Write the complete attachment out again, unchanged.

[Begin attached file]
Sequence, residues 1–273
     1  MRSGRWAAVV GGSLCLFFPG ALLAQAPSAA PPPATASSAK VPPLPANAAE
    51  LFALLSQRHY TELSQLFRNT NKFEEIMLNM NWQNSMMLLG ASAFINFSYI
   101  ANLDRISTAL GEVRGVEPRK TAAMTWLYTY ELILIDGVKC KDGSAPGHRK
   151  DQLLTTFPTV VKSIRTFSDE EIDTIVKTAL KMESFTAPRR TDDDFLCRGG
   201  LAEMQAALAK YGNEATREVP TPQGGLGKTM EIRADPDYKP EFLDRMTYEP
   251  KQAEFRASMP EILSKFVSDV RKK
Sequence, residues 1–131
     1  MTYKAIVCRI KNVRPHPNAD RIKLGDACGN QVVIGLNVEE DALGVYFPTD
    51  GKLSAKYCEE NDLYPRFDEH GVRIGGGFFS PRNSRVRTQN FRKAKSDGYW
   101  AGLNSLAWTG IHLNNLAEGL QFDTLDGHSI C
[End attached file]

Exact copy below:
Sequence, residues 1–273
     1  MRSGRWAAVV GGSLCLFFPG ALLAQAPSAA PPPATASSAK VPPLPANAAE
    51  LFALLSQRHY TELSQLFRNT NKFEEIMLNM NWQNSMMLLG ASAFINFSYI
   101  ANLDRISTAL GEVRGVEPRK TAAMTWLYTY ELILIDGVKC KDGSAPGHRK
   151  DQLLTTFPTV VKSIRTFSDE EIDTIVKTAL KMESFTAPRR TDDDFLCRGG
   201  LAEMQAALAK YGNEATREVP TPQGGLGKTM EIRADPDYKP EFLDRMTYEP
   251  KQAEFRASMP EILSKFVSDV RKK
Sequence, residues 1–131
     1  MTYKAIVCRI KNVRPHPNAD RIKLGDACGN QVVIGLNVEE DALGVYFPTD
    51  GKLSAKYCEE NDLYPRFDEH GVRIGGGFFS PRNSRVRTQN FRKAKSDGYW
   101  AGLNSLAWTG IHLNNLAEGL QFDTLDGHSI C